Stack Overflow is a community of 4.7 million programmers, just like you, helping each other.

Join them; it only takes a minute:

Sign up
Join the Stack Overflow community to:
  1. Ask programming questions
  2. Answer and help your peers
  3. Get recognized for your expertise

I’m currently using the @property decorator to achieve “getters and setters” in a couple of my classes. I wish to be able to inherit these @property methods in a child class.

I have some Python code (specifically, I’m working in py3k) which looks vaguely like so:

class A:
    @property
    def attr(self):
        try:
            return self._attr
        except AttributeError:
            return ''

class B(A):
    @property
    def attr(self):
        return A.attr   # The bit that doesn't work.

    @attr.setter
    def attr(self, value):
        self._attr = value

if __name__ == '__main__':
    b = B()
    print('Before set:', repr(b.attr))
    b.attr = 'abc'
    print(' After set:', repr(b.attr))

I have marked the part that doesn’t work with a comment. I want the base class’ attr getter to be returned. A.attr returns a property object (which is probably very close to what I need!).

Edit:
After receiving the answer below from Ned I thought up what I think is a more elegant solution to this problem.

class A:
    @property
    def attr(self):
        try:
            return self._attr
        except AttributeError:
            return ''

class B(A):        
    @A.attr.setter
    def attr(self, value):
        self._attr = value

if __name__ == '__main__':
    b = B()
    print('Before set:', repr(b.attr))
    b.attr = 'abc'
    print(' After set:', repr(b.attr))

The .setter decorator expects a property object which we can get using @A.attr. This means we do not have to declare the property again in the child class.

(This is the difference between working on a problem at the end of the day vs working on it at the beginning of the day!)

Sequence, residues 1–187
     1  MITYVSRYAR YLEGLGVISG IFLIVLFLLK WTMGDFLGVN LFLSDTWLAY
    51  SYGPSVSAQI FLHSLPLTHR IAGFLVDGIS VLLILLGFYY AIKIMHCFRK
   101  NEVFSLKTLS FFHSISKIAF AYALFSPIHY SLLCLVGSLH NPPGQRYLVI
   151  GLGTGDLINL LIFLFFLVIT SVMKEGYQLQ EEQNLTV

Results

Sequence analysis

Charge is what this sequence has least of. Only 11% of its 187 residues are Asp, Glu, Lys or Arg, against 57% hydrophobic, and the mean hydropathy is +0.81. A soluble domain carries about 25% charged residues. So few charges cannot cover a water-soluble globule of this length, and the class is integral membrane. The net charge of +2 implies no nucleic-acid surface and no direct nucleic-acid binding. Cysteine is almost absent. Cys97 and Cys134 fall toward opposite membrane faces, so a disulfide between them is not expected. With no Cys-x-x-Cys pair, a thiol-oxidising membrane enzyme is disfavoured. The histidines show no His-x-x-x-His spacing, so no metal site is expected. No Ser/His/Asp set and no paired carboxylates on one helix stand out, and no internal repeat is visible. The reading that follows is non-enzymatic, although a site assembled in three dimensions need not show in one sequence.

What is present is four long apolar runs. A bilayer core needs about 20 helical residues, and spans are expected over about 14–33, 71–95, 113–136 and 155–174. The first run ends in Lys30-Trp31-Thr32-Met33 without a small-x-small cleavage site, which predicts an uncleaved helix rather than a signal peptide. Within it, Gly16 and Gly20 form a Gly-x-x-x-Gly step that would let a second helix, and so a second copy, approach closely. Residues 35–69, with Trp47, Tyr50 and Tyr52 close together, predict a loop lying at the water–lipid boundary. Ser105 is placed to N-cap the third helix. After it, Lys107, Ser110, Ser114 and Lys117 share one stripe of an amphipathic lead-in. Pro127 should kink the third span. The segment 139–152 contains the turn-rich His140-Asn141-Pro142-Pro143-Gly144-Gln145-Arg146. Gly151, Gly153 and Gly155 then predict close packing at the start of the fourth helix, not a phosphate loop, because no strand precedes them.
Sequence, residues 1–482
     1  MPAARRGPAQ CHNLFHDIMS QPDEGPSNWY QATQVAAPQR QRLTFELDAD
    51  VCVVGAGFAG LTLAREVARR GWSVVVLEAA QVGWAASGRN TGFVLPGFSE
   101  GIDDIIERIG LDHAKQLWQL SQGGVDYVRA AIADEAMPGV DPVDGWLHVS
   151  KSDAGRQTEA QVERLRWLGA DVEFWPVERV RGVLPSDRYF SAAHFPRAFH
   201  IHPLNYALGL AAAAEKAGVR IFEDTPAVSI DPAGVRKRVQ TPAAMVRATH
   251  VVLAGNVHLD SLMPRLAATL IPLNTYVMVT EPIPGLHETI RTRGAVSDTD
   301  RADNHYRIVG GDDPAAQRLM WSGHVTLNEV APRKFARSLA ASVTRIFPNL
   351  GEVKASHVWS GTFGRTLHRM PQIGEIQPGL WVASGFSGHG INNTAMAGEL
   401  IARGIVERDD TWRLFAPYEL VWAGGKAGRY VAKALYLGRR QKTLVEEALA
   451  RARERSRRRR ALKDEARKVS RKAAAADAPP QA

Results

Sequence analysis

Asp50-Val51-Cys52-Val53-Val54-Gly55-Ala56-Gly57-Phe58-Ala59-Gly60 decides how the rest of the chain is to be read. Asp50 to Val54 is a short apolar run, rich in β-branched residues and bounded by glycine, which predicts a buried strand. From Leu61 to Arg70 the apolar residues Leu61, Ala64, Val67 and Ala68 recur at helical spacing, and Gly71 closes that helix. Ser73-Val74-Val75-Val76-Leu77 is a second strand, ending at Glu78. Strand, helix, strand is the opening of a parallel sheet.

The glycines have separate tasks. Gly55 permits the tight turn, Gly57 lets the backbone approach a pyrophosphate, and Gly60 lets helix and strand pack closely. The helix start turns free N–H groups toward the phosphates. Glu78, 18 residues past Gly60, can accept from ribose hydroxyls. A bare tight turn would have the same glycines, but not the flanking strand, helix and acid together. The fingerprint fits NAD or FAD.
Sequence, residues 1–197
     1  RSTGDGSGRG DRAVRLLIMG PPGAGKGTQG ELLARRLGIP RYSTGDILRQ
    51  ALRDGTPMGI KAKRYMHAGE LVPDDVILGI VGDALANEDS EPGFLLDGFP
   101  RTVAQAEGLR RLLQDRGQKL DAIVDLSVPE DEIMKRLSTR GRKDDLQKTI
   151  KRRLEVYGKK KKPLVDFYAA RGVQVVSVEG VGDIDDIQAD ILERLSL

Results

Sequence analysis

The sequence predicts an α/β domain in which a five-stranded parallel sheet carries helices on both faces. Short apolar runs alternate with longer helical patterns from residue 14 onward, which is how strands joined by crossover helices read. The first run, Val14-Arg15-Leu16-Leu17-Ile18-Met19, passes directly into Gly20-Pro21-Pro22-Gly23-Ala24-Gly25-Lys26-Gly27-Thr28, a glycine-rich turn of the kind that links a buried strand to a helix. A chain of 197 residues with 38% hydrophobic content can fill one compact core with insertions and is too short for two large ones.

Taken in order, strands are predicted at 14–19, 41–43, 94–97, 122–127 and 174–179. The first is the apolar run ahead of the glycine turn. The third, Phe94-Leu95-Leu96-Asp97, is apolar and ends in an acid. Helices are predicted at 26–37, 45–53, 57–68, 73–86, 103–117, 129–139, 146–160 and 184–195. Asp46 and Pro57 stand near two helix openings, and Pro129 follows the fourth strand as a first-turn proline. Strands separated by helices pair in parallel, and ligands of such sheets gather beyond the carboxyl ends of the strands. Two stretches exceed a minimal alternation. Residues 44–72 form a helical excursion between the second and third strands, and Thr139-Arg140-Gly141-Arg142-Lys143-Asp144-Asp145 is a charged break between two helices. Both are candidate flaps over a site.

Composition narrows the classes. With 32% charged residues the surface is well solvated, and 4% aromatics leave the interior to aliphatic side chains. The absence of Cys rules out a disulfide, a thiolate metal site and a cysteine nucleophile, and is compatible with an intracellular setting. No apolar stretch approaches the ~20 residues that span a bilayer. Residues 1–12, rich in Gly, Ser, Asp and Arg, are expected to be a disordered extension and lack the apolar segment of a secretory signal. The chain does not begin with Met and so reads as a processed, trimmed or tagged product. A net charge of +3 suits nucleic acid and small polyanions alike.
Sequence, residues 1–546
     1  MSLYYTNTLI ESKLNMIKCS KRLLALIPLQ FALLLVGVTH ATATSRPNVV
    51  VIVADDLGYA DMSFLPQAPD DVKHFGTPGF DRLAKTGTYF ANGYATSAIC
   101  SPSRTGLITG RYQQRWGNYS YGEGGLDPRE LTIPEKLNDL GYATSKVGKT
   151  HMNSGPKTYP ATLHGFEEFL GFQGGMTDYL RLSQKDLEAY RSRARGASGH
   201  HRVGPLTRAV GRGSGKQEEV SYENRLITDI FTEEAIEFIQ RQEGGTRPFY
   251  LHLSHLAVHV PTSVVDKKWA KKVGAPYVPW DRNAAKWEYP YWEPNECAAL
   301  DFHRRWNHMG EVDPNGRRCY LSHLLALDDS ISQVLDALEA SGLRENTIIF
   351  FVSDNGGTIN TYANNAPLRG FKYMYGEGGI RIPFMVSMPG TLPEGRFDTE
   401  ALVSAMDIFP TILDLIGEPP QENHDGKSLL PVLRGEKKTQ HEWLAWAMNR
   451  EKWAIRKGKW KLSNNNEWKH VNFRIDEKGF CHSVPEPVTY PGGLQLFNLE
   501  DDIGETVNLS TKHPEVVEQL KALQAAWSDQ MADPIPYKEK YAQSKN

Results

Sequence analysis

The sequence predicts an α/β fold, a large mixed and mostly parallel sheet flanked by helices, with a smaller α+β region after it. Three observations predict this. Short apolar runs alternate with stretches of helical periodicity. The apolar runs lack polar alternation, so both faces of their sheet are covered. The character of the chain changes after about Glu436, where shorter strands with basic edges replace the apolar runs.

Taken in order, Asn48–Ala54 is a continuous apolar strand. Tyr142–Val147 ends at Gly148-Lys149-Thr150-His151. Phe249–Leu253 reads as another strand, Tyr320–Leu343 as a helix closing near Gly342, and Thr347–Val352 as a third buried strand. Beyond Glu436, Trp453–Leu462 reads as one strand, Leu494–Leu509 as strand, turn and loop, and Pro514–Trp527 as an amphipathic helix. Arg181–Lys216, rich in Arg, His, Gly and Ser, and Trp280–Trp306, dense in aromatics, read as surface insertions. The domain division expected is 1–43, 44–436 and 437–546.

share|improve this question
up vote 4 down vote accepted

I think you want:

class B(A):
    @property
    def attr(self):
        return super(B, self).attr()

You mention wanting to return the parent class's getter, but you need to invoke the getter, not return it.

Updated with corrections from the comments:

class B(A):
    @property
    def attr(self):
        return super(B, self).attr
share|improve this answer
    
This doesn’t work for me, however, if I call super().attr I get the desired effect. Is that a wise thing to do? – casr Jul 26 '10 at 16:29
    
Ah, you're right, because the parent's .attr is not available as an invokable getter any more, only as a property. super() is the way to access same-named attributes from parent classes. Why would it be an un-wise thing to do? – Ned Batchelder Jul 26 '10 at 16:37
    
Just checking. I didn’t have a reason against. Update your reply to have super().attr instead of super(B, self).attr() and I’ll mark it as answered :) Thanks for the hint! – casr Jul 26 '10 at 17:42
1  
You got it! I'll do almost anything for that big green checkmark! :) – Ned Batchelder Jul 26 '10 at 18:00
1  
Learn something new every day: super() with no args is Py3.x only... – Ned Batchelder Jul 26 '10 at 19:07

To override a setter in python 2 I did this:

class A(object):
    def __init__(self):
        self._attr = None

    @property
    def attr(self):
        return self._attr

    @attr.setter
    def attr(self, value):
        self._attr = value


class B(A):
    @A.attr.setter
    def attr(self, value):
        # Do some crazy stuff with `value`
        value = value[0:3]
        A.attr.fset(self, value)
share|improve this answer
    
Interestingly enough, B doesn't have to inherit the getter from A. If B only inherited from object, B.attr.fget will return <function Foo.baz at 0x123456789>. I was concerned that A.attr.fset has now been assigned a user-defined function. A.attr.fset is still None, while B.attr.fset is <function B.baz at 0x987654321>. So overriding any of the property's accessibility members, creates a copy of the property first. At least, that appears to be what is happening. – Tyler Crompton Jan 22 '13 at 17:13

Your Answer

 
discard

By posting your answer, you agree to the privacy policy and terms of service.

Not the answer you're looking for? Browse other questions tagged or ask your own question.